Contents of the KBSETUP.DOC file
KBSETUP.EXE reprograms a keyboard's repeat delay and speed. By lengthening
or shortening the delay from the point a key is pressed down to the point it
starts to repeat the key's character and by adjusting the character repeat
rate, KBSETUP lets you fine-tune your keyboard to match your typing skills.
Enter the command KBSETUP M to display a menu of choices. At the DOS prompt,
enter KBSETUP again, with two parameters. The first should be a letter from
A to D, representing the delay you want; the second a value from 0 to 31
representing the desired speed. For example, KBSETUP A 0 gives you the
shortest delay and fastest speed, while KBSETUP D 31 produces the longest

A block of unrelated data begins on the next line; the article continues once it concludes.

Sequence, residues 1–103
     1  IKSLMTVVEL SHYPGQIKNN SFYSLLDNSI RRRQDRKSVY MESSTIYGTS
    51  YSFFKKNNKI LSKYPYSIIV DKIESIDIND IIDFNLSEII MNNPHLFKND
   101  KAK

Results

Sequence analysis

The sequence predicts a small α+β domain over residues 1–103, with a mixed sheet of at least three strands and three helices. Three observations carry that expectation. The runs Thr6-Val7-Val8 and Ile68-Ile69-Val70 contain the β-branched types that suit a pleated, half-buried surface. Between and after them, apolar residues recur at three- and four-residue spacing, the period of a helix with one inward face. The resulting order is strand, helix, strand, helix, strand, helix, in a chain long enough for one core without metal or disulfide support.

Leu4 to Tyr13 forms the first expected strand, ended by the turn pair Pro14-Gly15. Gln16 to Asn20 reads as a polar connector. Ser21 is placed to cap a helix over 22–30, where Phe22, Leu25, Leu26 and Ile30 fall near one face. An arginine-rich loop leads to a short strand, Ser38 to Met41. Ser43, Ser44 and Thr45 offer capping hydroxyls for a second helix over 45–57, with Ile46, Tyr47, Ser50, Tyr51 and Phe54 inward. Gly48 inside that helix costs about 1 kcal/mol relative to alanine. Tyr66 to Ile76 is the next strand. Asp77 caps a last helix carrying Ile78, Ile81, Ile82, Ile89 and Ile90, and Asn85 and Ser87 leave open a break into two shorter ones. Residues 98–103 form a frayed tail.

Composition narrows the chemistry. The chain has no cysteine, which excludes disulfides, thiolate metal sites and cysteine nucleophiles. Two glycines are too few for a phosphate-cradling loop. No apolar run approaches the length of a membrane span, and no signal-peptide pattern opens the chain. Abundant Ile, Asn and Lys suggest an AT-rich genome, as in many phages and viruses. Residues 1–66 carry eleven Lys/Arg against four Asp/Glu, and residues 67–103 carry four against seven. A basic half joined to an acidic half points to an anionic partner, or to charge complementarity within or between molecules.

and slowest. If entering parameters, two parameters must be entered, not
one; however, the two are reversable (so you don't have to remember which
Executing the program without parameters sets the keyboard rates to the
default values A 0. Entering unrecognized parameters displays an error
message reminding you of how to view the program's options.
After running KBSETUP with parameters as described above, load a favorite
program and experiment with the new settings in a familiar environment. You
may have to run KBSETUP several times to find the parameters that works best
Technical description and restrictions:
The program is written in C language. It works by setting register AX to
0305hex, BH to the delay value, and BL to the typematic rate. It calls the
ROM BIOS keyboard service (interrupt 16hex), executing function 0305hex, which
sets the delay value and typematic rate. IBM introduced this function in the
PCjr, and most ATs support it. It's also available in all PS/2s. But if your
ROM BIOS is dated earlier than 11/16/85 or if you have an XT, a PC, or a
similar clone, then KBSETUP probably won't work on your system.
This program was submitted by me to PC World and was printed in the December
1990 issue of PC World magazine, in the STAR-DOT-STAR column on page 251.
Michael D. O'Connor